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Cuba Today: An Interview with Ricardo Alarcon

The president of Cuba's National Assembly outlines the country's policies and goals in the face of Bush administration hostility
James Suckling
From the Print Edition:
Cuba, May/June 2007

(continued from page 5)

Alarcon: Yes. This will only come from a major change in U.S. attitude, especially with the immigration [of Latin Americans] to the United States. We are neighbors. The U.S. needs to develop a special relationship with Latin America. This is not one of domination. America in a way is part of Latin America and the Caribbean. The highest concentration of Spanish speakers is in Mexico and the United States. Los Angeles, New York, Chicago, Miami...these places are where the highest increases in the Spanish-speaking population is happening.

What is going on is not a Cuban invention, but Cuba is part of it. It is not a diabolical Chavez invention, but it has had the support of Chavez. And you have had practically everybody in Latin America working together. It is not just the radicals, the extreme left-wingers. But you have very accepted progressives. This is reality and you cannot ignore it. Or even defeat it. The Cold War techniques don't work. You already have too many problems with terrorism and the wars in Afghanistan and the Middle East. What's a little country in the Caribbean?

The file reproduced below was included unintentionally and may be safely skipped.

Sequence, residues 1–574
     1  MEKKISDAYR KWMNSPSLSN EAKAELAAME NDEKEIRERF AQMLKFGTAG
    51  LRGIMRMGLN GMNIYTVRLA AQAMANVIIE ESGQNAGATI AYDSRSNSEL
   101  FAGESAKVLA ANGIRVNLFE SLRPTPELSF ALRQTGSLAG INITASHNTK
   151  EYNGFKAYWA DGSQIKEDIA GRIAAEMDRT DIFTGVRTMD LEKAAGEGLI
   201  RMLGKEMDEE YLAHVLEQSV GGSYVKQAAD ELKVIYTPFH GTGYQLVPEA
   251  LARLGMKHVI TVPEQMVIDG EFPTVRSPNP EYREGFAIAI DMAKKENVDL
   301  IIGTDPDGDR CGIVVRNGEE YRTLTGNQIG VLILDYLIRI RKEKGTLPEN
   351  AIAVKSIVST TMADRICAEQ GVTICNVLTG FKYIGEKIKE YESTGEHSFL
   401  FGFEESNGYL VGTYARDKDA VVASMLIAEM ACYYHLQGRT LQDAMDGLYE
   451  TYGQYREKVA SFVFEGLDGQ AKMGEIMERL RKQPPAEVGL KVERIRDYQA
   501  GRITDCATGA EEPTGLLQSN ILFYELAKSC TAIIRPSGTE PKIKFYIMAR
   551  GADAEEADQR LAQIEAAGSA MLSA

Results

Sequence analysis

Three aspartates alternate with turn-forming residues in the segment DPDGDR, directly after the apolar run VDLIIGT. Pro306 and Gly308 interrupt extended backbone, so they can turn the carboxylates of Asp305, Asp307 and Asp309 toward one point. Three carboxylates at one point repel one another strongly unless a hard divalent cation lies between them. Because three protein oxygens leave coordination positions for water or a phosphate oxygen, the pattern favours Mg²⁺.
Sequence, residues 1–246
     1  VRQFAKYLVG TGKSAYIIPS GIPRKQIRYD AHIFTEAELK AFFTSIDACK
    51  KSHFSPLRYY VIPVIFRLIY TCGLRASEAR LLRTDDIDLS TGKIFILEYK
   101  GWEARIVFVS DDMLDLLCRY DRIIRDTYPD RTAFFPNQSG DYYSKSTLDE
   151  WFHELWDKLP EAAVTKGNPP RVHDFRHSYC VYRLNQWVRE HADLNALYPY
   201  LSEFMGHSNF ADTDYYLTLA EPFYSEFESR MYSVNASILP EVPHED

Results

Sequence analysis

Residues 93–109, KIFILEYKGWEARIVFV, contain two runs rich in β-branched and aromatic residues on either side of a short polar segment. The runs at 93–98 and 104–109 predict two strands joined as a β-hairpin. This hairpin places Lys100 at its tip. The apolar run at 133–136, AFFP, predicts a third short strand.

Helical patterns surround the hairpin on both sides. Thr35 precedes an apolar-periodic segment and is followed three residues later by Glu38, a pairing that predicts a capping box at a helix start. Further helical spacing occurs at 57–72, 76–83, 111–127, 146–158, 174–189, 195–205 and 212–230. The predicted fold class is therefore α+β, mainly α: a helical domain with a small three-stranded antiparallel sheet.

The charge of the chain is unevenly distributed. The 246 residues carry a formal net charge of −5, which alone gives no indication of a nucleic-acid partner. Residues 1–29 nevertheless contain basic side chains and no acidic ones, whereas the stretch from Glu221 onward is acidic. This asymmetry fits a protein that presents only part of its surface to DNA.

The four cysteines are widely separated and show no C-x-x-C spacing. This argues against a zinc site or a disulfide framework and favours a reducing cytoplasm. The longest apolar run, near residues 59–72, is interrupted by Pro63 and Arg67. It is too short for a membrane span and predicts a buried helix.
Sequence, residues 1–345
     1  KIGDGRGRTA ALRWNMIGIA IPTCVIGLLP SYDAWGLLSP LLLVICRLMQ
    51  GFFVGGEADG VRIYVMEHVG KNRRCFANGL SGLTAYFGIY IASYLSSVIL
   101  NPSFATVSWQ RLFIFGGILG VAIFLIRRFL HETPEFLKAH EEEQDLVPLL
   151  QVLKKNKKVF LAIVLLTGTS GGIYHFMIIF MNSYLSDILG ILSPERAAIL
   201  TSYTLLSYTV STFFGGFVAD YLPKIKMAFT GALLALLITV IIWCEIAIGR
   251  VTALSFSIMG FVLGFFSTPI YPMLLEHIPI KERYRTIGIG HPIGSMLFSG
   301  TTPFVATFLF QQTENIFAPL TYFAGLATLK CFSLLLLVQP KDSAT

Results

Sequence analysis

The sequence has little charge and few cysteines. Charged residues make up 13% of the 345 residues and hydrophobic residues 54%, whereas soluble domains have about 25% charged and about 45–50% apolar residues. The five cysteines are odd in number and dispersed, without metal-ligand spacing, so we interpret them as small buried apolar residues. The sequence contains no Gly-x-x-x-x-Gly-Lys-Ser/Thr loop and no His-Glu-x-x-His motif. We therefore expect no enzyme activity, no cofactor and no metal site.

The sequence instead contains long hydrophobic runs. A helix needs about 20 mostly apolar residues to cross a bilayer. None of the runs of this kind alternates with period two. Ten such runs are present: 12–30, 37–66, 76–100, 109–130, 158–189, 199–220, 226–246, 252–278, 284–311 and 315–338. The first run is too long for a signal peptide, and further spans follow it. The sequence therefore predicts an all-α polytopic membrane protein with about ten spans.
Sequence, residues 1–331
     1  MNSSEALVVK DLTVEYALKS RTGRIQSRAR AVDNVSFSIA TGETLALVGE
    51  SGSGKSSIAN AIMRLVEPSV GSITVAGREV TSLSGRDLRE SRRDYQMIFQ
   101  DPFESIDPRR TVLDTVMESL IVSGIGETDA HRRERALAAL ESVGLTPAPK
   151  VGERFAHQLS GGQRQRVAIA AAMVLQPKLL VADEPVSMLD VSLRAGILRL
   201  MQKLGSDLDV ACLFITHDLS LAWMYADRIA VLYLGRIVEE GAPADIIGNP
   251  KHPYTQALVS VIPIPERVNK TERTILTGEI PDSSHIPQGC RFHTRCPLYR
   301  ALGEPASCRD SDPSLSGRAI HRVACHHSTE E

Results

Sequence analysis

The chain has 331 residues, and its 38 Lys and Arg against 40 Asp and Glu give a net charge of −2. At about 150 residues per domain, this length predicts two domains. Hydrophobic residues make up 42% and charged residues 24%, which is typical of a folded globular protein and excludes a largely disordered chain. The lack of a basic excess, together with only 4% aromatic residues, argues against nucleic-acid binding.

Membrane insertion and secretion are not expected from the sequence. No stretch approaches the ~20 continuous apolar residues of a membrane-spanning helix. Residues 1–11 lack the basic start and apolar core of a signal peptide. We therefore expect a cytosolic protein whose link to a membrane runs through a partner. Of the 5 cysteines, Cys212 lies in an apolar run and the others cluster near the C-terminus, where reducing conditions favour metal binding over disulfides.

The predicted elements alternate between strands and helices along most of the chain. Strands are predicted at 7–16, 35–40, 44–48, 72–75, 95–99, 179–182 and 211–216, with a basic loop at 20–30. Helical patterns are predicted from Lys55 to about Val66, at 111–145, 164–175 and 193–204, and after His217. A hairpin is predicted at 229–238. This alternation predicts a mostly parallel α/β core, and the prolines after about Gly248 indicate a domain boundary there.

CA: Do you see any changes in the embargo in the future? You don't even have any discourse with the U.S. government.

Alarcon: You will see the dismantling or the suspension of certain aspects of the embargo in the future. You see every day more discussion of this. For example, the travel ban, I see movement against this day by day.

CA: Do you support free travel between the U.S. and Cuba?

Alarcon: It would be very good. You feel sorry when you see a country that is trying to teach everyone in the world about freedom and then they are afraid of other ideas and perspectives. You really are the most important beacon of freedom in the world, but how do you not permit these small people of an island to come to America and see the light, and you do not permit your own people to bring that light to that island? I can't understand it. I would abandon the travel ban immediately. Of course. Americans can travel around the world and not Cuba? That's not the way.

CA: More Cubans should be allowed to visit America as well?

Alarcon: More Cubans to America and more Americans to Cuba...so on and so forth. That would be consistent with the humanistic approach of America. The U.S. government's position is unsustainable. It contradicts its own foundations. And the purpose of that ban is to damage Cuba's economy and to hurt its tourism. But honestly, who cares? We receive millions of tourists from other lands. We are doing business with other countries. You are just shooting yourselves in the foot without any advantage.

CA: What do you see for the future of Cuba? What will tomorrow bring Cuba?

Alarcon: I really don't think that anybody should foresee the future. I don't think that it is a good idea to have a notion of where everybody is going.... The future has to be built by humankind. We have to invent the future. And the first thing is to save life and save the right to a future. I might disagree with Al Gore on many things, but I think he made a very important contribution with his movie [An Inconvenient Truth].


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